The argument can be wrong, but the particular criticism does not really address it.

    As for the particular points being raised, I shall take them on one by one:
    “1. kicking a dead horse. 2. horse been dead for 27 yrs. 3. retroactive anticommunism. 4. shifts b/w USSR and EE. 5. forgets west is the univ. source of racism. 6. silent abt Eurowhiteness. 7. unaware of legacies of socialist internationalism.”

    1. The horse that is being kicked is the racist response of CEE countries to asylum seekers.
    2. The horse is alive and well. Now, I do trace back the horse to the state-socialist past. Not in order to argue that the state-socialist past is responsible for the current situation (surely, this is not a phenomenon with a single cause), but in a attempt to understand what distinguishes the CEE region from the attitude (often no less racist) of other European countries, where racism can be more blatant (even if veiled in PC language). Besides, I think that when it comes to construction of social and political subjectivities, calendar years tend to be a tricky measure. E.g. India has been decolonialized for almost 7 decades, but I still consider its experience of colonialism to be an important category in the analysis of its current predicaments.
    3. I consider the critique of state socialism (a term that is not very helpful, I admit) to be a necessary component of advancing communist agenda. I am not sure about how to understand the charge of retroactivity, but historical considerations are something that I see as a trademark of any kind of Marxist-inspired approaches.
    4. The broadness of the brush with which one paints can always be subject to criticism. In my argument, I consider the race (in both its rhetoric and translated forms) to be one of the central tenets of state-socialist governmentality (this is, in fact, essential to the argument) and thus spanning the entire realm of the Soviet bloc.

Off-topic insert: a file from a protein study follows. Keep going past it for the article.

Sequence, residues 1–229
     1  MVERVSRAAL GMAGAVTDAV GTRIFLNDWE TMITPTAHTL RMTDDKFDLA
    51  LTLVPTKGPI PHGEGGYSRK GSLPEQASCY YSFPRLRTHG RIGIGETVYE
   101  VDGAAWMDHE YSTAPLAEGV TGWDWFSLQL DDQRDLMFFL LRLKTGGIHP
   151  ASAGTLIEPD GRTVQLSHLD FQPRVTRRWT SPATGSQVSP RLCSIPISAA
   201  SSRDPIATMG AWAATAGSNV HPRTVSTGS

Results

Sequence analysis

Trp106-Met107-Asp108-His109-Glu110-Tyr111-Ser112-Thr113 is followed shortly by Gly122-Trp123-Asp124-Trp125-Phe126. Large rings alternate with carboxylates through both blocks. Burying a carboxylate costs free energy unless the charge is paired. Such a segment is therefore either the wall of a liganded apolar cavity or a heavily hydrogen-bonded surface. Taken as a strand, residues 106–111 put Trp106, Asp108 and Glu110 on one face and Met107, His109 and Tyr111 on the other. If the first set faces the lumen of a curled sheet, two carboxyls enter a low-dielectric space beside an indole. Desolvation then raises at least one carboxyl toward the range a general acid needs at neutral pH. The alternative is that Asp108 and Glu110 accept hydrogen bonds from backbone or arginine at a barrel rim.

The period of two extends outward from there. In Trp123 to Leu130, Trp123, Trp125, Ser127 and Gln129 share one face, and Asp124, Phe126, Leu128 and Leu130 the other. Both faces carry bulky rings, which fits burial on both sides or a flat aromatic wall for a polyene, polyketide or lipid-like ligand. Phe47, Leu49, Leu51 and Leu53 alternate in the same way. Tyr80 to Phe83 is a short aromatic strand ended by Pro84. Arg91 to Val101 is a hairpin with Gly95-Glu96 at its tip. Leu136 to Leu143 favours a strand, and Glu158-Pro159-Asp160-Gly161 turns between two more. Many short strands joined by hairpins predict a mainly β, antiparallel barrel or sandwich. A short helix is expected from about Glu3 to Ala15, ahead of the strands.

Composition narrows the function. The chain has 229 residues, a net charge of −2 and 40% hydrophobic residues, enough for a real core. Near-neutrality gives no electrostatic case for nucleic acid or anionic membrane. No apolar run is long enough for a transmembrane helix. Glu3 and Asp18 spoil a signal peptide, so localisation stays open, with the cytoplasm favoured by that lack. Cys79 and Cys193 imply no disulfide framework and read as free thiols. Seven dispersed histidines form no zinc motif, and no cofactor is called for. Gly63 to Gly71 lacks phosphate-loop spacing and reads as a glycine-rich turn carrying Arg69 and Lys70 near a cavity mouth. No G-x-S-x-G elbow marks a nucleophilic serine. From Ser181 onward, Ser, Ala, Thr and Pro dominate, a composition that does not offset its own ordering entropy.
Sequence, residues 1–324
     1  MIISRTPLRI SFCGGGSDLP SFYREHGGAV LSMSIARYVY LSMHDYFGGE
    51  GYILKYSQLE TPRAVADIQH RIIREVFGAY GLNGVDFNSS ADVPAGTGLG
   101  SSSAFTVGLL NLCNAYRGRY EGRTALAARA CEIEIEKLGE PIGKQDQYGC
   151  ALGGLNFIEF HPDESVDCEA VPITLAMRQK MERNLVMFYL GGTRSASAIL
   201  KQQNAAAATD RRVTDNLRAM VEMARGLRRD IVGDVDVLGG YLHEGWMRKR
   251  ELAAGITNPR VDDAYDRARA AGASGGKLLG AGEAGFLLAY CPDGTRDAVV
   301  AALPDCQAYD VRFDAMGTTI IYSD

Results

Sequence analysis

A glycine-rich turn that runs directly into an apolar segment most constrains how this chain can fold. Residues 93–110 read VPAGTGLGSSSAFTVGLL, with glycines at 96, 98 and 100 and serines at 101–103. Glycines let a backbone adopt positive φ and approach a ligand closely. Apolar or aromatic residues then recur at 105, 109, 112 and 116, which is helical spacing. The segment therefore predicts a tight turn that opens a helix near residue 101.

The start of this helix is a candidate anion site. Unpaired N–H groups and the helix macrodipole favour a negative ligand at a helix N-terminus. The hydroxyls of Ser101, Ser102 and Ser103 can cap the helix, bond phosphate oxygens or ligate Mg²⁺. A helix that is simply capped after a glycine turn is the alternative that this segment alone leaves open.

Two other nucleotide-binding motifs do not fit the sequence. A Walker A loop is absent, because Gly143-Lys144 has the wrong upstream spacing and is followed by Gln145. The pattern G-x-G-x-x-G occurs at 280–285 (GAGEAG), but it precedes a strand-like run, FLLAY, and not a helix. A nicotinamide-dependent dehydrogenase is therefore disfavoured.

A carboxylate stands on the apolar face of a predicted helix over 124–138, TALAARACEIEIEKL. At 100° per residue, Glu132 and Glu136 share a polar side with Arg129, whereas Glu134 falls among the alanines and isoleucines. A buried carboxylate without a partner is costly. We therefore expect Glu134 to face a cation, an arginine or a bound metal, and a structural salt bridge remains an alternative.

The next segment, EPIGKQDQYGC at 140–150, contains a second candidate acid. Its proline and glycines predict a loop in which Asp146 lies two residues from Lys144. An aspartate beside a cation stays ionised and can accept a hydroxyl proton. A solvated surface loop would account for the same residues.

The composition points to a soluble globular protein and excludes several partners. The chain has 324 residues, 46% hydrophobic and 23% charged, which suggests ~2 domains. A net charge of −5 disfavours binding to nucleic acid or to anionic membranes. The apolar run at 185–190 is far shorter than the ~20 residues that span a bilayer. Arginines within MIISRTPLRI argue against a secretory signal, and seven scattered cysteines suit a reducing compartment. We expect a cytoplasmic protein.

5. The West is hardly alone in using ethnical categories to organize politics and culture, but I agree that after the West’s global takeover, its modern biological form of racism has become dominant. In my article, I am trying to argue that CEE, through its state-socialist (or, if you wish, state-capitalist) modernization has tweaked this form to match its own needs (which included the anti-racist rhetoric and critique of the West).
    6. This is pretty much covered above. Yes, Eurowhiteness is an important concept and a useful one to understand the current displays of racism. But my question was different and it could be rephrased as “how has Eurowhiteness attained such a strong hold in CEE despite its experience with a regime that had systematically denied racism”.
    7. Socialist internationalism is actually a possible way out of the present conundrum and its most exemplary manifestations, like the defence of the Spanish revolution in 1936, are remarkable historical events. In contrast, the socialist inter-nationalism practiced as a geopolitical strategy and a tool for enlarging the Soviet empire, was actually a manifestation of racism translated into the language of state-socialist modernization – taking away the agency from colonized peoples, supporting the creation of nation states, and engaging in ethnical conflicts in exchange for political affiliation.

    I hope this clarifies things somewhat.


    • Avatar
      July 13, 2020

      Excellent original article, explanation and commentary! Perhaps the above Twitter commentator is struggling with the same kind of denial of problem that an alcoholic engages in as you mentioned. As long as you are benefiting from a system, regardless of how subtle the persuasion may be and the fact that you are not (yet) on the victimized end, it is difficult to acknowledge a need for change since guilt of conscious has long since evaporated and the time of useful consciousness is long past. Denial of a problem is an unfortunate characteristic of our flawed human nature until the inevitable breakdown of the situation occurs. We are heading for dangerous times. It’s sort of like the “straw that(will break) broke the camel’s back” and as we all know “pendulums do swing”. What will that look like, I wonder?